As an alternative to phylogenetic relatedness as a predictor for coexistence, one could directly focus on those traits that may influence niche and fitness differences [16, 19] and test their impact on coexistence. For instance, Kraft et al. [16] explored the relative importance of eleven individual plant functional traits in predicting niche and fitness differences, five of which were size-related variables. Their findings suggest that whereas phenotypic differences among plants correlated well with relative fitness differences, no correlation with niche differences was found. That is, phenotypic differences among plant species based on individual traits did not relate to niche differentiation. Only combinations of multiple traits related well to niche differentiation among species and permitted coexistence.

In phytoplankton, many individual and population level processes are size-dependent, meaning they scale with cell or colony size [20,21,22,23,24]. For instance, nutrient uptake, light absorption and ultimately growth rate are determined by the surface-area to-volume ratios. Smaller phytoplankton cells show a tendency to grow faster, sink slower, and be more efficient in the acquisition of limiting resources. Larger ones may dominate when nutrients are abundant or when grazing pressures are high [21, 25]. Under given nutrient and light conditions, species of different size are expected to occupy different niches, whilst the niches of species of similar size may overlap. Additional studies conclude that size differences affect fitness differences, with fitness differences that limit coexistence emerging as size differences increase [22, 24, 26, 27]. From a modern coexistence perspective, both niche and relative fitness differences will increase with size differences among species. Given this double effect, however, size differences alone may not be able to predict whether niche differences are large enough to counteract for relative fitness differences and permit coexistence. To experimentally test expectations on size as a functional trait that plays a pivotal role in species coexistence, we estimated simultaneously niche and relative fitness differences in 30 unique pairs of cyanobacteria which greatly varied in size—covering up to two orders of difference in magnitude—to amplify any potential scenario among species and guaranteeing that the effect of size is not overlooked.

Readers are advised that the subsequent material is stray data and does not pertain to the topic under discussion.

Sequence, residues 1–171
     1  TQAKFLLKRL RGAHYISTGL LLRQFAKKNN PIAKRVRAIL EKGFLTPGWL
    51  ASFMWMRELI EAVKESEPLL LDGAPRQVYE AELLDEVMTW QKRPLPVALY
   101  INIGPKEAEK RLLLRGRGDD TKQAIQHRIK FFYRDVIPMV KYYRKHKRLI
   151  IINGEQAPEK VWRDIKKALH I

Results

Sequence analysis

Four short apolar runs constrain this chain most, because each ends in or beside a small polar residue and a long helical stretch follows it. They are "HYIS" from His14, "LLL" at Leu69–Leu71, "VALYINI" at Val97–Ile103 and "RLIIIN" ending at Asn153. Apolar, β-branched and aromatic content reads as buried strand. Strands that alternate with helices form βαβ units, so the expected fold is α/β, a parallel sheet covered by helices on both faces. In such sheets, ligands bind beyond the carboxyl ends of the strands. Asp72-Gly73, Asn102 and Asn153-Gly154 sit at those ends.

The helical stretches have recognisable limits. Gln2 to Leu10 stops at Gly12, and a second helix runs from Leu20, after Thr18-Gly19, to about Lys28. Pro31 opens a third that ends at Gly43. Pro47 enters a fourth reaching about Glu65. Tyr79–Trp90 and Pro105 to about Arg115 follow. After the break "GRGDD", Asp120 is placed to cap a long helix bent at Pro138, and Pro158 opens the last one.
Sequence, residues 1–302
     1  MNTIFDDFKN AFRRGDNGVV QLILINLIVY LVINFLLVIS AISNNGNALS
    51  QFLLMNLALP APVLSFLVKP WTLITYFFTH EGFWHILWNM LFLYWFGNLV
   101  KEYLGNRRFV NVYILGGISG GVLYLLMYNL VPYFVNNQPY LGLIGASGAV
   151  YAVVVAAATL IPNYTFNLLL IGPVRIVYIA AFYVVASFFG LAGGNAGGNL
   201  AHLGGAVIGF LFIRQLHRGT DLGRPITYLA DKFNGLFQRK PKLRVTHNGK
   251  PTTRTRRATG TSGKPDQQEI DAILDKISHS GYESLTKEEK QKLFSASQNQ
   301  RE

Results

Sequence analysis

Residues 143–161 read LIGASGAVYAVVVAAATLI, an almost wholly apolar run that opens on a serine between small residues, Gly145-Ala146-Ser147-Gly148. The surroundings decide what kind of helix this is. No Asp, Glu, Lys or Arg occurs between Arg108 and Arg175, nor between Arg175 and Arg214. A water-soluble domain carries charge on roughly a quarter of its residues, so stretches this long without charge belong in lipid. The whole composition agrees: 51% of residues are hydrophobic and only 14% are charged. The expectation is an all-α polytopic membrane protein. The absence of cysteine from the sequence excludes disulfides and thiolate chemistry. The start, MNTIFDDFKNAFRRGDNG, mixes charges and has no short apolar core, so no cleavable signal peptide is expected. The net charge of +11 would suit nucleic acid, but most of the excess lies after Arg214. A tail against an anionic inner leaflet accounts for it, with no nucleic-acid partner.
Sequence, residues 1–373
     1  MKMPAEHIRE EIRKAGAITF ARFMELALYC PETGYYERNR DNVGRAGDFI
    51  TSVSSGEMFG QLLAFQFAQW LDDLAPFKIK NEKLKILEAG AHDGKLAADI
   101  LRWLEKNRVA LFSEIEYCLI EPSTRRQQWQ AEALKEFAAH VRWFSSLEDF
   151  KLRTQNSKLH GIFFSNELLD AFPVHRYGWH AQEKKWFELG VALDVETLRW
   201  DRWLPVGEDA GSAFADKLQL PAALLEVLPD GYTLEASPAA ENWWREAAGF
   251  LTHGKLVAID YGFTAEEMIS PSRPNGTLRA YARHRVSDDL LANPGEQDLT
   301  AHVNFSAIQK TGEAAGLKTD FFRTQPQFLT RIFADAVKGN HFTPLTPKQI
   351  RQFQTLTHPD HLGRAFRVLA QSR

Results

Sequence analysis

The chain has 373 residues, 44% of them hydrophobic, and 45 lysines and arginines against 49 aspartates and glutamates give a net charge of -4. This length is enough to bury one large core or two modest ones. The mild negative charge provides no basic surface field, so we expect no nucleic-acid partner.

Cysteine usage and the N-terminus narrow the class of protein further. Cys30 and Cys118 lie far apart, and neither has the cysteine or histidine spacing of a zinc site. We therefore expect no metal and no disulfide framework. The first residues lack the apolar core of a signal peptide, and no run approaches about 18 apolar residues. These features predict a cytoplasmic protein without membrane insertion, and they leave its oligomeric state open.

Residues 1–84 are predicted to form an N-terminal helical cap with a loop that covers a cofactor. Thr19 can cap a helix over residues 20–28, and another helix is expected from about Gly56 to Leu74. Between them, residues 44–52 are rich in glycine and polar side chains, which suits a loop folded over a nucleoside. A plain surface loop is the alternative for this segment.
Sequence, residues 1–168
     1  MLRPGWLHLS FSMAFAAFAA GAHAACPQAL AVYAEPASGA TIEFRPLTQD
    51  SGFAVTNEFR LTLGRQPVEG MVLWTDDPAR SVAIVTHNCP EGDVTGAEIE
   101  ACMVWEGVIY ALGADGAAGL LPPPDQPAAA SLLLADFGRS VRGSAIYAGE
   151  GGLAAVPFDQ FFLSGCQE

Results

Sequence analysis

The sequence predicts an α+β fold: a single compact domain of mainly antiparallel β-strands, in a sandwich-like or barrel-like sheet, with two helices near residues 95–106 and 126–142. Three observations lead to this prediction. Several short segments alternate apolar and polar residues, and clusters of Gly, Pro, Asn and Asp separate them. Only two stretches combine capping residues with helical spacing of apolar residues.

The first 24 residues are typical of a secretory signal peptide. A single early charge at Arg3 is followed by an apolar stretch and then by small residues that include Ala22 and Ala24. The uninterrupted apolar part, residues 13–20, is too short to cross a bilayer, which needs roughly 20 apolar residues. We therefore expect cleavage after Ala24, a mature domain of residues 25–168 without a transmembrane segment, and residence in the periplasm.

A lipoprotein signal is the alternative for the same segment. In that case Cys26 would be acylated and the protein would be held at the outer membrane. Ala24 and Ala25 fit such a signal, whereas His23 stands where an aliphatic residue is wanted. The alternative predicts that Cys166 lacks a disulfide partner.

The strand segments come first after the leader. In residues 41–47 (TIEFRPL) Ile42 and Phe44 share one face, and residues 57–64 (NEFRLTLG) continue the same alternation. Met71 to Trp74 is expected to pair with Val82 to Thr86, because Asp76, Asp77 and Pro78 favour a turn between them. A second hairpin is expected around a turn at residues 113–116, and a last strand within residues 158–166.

Our experiments showed that both niche and fitness differences increased with difference in size, which would affect the scope for coexistence. The prevalence of coexistence was not statistically determined by size differences, but coexisting species showed higher size differences than non-coexisting species. Unlike phenotypic differences based on size, phylogenetic relatedness did not relate to either niche or fitness differences.

## Methods

### Species selection